(d)  the current focus is on developing managers and a Leading and Managing Together programme is in place for completion by October, to ensure that managers have the time and capacity to do development work while also carrying out their regular duties. There is a well-established process for how managers are managed, from the top down, with very clear objective setting. However, individually, all staff should be empowered in making the decisions that they need to at their level of responsibility;


(e)  the new ‘Performing Well’ approach to individual performance review focuses on how staff should be set targets that link clearly to the objectives of the Service and Council Plans, to show how those plans are being delivered. This will also assist in identifying the right development needs, and this should form the basis of regular conversations between managers and staff – rather than focussing on performance management as a purely a periodic, process-driven exercise. However, measures have also been developed to enable managers to engage with and address under-performance effectively, with the right support structures in place from the organisation as a whole;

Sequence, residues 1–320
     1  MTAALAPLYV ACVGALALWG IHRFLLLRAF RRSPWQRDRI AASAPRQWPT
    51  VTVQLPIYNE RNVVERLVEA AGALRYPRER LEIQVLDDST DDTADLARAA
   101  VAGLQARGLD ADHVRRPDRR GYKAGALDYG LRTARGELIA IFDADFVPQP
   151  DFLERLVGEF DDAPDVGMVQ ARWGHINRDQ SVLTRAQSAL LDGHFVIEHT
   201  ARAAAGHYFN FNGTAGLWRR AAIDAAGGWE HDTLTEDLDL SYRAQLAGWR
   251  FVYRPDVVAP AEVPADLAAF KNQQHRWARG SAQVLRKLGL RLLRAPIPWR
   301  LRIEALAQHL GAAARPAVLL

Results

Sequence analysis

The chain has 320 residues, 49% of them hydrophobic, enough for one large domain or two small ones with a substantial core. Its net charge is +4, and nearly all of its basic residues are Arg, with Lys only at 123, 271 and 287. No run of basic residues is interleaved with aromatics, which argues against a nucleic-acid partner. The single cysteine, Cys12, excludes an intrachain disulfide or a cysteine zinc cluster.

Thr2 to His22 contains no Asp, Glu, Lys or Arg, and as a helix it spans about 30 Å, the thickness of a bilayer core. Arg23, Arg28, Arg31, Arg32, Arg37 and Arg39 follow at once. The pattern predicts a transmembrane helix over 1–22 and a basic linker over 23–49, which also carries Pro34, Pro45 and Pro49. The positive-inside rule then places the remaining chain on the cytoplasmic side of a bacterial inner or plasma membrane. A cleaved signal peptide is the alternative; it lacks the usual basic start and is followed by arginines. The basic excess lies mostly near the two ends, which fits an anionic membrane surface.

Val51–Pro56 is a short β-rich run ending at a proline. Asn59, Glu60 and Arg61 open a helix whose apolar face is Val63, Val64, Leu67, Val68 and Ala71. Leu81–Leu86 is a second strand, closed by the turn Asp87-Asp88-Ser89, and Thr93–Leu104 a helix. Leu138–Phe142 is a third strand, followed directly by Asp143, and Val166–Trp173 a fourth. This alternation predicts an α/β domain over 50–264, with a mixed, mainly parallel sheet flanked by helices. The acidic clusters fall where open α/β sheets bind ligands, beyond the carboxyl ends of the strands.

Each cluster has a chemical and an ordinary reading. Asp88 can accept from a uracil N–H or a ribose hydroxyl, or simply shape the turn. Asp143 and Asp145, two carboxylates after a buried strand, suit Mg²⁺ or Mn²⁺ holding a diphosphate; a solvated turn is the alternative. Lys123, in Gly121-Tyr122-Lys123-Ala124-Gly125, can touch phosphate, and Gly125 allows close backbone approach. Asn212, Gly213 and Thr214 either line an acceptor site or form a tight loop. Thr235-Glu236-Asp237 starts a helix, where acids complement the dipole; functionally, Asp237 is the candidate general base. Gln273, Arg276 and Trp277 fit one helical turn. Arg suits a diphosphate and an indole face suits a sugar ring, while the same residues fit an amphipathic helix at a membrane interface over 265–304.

(f)  ultimately, the Chief Executive has the responsibility for ensuring that culture change is delivered, working alongside senior officers and executive councillors. The performance management process is reported on at a strategic level on a quarterly basis, to provide assurance that progress is being made towards the delivery of the Council Plan and the Council’s statutory duties. A quantitative update on progress is also provided to the Improvement and Assurance Board (IAB) on a quarterly basis, and performance and risk management processes in place and are reported on. The IAB has been positive about progress, and considers that there should be a strong focus on developing the workforce. The IAB needs to be assured that the underpinning structures to achieve culture change are in place and that this is done ‘at pace’, but it acknowledges that broad culture change itself will take time to achieve;